High-speed connection

In a world that lives on the web, it can be hard to find platonic pals.

bff.com/new. - TYLER LANDRY
Tyler Landry

"I am not a professional escort and this has nothing to do with sex," the Craigslist ad begins. "I just want to go to some office Christmas parties."

That sort of copy stands out amongst the usual anonymous and filthy invitations dotting online classifieds. But 34-year-old, self-employed "intelligent, educated, attractive female redhead" Amanda was disappointed to not have attended any Christmas parties the previous year and wanted to try something bold.

"I really like free food and drinks, and the festive atmosphere, " Amanda---she prefers her last name not be used--- explains about why she created her online advertisement. "I thought it would be a fun adventure."

Offering up an online ad looking for strangers to invite you along to their corporate parties is certainly an unusual---and some would argue brave--- step in venturing outside of one's social circle. Thankfully, despite their often-seedy reputation, casting a line into the cyber pool of social connecting websites can be a great way to combat those solitary dark days of winter and find yourself some new friends.

For those who find the idea of striking up a conversation with a stranger to be a hilarious mix of impossible and terrifying, online bookings can offer an easy-in to meeting new people. The simplest option is just posting an ad in the Strictly Platonic sections of Craigslist or Kijiji like Amanda, but the more adventurous might be interested in signing up on couchsurfing.com and taking an in-city vacation in some new friends' homes. Or, if all else fails, you can always just rent a friend.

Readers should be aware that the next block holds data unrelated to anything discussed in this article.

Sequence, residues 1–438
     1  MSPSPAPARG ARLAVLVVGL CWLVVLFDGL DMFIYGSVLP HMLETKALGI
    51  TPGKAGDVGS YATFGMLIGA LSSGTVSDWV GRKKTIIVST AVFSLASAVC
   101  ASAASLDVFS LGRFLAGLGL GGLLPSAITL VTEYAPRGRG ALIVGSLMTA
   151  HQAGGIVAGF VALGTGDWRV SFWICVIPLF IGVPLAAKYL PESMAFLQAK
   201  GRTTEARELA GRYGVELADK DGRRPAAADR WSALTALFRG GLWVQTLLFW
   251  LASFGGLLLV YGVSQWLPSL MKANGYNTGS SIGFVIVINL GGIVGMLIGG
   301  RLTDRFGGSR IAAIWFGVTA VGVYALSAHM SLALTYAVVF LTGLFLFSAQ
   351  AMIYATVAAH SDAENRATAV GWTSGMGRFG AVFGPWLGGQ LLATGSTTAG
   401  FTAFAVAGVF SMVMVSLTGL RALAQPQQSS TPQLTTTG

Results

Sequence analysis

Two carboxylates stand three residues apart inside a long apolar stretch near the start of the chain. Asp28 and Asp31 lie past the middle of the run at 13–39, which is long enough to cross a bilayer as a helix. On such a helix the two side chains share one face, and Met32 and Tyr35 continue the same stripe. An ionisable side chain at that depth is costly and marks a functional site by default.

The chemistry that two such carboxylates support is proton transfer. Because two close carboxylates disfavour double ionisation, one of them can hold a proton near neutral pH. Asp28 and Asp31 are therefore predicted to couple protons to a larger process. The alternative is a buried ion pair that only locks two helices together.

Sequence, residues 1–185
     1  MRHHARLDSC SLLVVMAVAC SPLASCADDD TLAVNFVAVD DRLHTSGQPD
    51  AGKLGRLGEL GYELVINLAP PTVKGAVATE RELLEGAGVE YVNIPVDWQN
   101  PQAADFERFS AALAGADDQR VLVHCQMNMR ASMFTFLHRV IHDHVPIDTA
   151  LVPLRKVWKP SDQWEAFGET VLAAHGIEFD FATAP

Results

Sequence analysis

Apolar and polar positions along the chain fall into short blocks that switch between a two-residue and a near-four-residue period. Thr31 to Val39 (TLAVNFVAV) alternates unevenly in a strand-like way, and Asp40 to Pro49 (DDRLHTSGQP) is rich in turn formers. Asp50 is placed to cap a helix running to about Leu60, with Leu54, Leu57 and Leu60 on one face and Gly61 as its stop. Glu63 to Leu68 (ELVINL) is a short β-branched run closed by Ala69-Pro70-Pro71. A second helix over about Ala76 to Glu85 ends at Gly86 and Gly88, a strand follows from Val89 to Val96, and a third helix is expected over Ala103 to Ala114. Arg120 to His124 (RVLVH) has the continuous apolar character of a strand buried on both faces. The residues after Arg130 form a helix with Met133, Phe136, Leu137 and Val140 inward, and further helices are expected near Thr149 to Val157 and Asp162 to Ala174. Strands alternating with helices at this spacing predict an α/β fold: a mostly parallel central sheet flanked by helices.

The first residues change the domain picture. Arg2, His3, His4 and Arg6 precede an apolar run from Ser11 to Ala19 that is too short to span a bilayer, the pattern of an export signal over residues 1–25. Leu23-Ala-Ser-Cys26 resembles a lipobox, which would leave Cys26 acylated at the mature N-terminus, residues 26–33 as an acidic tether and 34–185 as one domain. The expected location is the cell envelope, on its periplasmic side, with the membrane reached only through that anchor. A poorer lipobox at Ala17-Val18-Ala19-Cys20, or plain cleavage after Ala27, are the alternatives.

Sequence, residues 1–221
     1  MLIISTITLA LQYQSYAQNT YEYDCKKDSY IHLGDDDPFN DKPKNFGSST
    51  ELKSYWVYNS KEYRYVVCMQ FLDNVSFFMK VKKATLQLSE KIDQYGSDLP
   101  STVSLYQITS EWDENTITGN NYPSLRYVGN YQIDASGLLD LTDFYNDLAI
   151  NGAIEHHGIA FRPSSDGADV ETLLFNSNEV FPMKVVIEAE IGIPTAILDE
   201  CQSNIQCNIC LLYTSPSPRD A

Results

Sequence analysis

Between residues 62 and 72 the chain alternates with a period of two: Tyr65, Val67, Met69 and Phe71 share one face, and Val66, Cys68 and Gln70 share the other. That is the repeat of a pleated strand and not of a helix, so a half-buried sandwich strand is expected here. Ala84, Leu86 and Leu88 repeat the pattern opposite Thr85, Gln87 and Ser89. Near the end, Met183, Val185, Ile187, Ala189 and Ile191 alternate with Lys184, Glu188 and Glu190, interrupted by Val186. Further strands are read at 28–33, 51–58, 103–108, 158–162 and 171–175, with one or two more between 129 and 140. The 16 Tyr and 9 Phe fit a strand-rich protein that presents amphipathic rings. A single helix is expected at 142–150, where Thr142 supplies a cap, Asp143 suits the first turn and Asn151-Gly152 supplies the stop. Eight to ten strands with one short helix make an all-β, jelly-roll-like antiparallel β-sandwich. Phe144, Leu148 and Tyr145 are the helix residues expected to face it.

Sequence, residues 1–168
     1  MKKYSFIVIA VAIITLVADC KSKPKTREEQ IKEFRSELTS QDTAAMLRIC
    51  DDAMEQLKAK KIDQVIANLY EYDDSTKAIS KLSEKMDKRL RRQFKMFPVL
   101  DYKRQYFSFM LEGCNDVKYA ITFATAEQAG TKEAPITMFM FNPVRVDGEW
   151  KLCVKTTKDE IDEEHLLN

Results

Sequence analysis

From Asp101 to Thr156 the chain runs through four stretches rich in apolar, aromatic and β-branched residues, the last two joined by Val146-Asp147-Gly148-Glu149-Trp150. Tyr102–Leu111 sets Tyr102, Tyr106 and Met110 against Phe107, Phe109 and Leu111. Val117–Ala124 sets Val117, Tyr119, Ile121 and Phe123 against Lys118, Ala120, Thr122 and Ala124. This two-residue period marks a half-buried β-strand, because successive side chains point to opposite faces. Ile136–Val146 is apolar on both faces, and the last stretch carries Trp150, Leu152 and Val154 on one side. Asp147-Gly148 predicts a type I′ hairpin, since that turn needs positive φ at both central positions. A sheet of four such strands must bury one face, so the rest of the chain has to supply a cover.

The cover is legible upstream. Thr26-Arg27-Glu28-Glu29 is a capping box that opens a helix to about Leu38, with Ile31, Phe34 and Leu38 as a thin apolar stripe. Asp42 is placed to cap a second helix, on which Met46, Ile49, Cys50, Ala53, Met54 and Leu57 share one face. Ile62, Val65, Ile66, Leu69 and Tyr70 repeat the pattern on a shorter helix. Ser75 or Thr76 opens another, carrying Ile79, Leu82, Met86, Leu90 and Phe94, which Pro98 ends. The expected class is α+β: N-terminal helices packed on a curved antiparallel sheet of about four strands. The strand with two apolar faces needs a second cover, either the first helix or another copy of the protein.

Created in 2009 in New Jersey by Scott Rosenbaum, rentafriend.com is based off of similar companies in Japan that offer fill-in partners and spouses for important events. A "strictly platonic Friendship website," RentAFriend allows registered users (a one-time $24.95 fee) from all over the world to purchase some time with buddies in their respective city.

The company's website offers helpful friendship ideas, like hiring a local to show you around a new town or bringing someone along to a restaurant or game if you don't want to go alone. In Halifax, you could hire any of the currently 11 rentable friends. Russian-speaking, 49-year-old Igor can be your downtown wingman, or 19-year-old theatre student Joe can chat about the arts with you over coffee. Most "friends" charge around $10 an hour, but according to RentAFriend they're often willing to negotiate fees depending on the activity planned.

Not that you shouldn't always take precautions when meeting new strangers. Amanda, for instance, met all applicants for coffee first. Out of the 20 or so responses she received, only about half even had parties to attend. Still, oddly enough, personal safety wasn't Amanda's biggest concern.

"Initially, I had the odd thought of 'what if this person's a serial killer,'" she says. "But I think I was more worried we wouldn't have anything to talk about."

Though Amanda didn't post her ad to "vet people for friendships," her efforts did lead she says to some entertaining evenings and allowed her to venture into worlds she wouldn't normally have been invited to. Which is a lot better than sitting at home on a cold, dark night.

"I think getting involved in things, whether its volunteering or going to a games night, anything where there's not a lot of pressure to meet someone, is great," says Amanda. "Even the first two years I lived here, I did a lot of going to things by myself," she adds. "You have to live through a lot of awkward situations to find the scene that you fit into sometimes."

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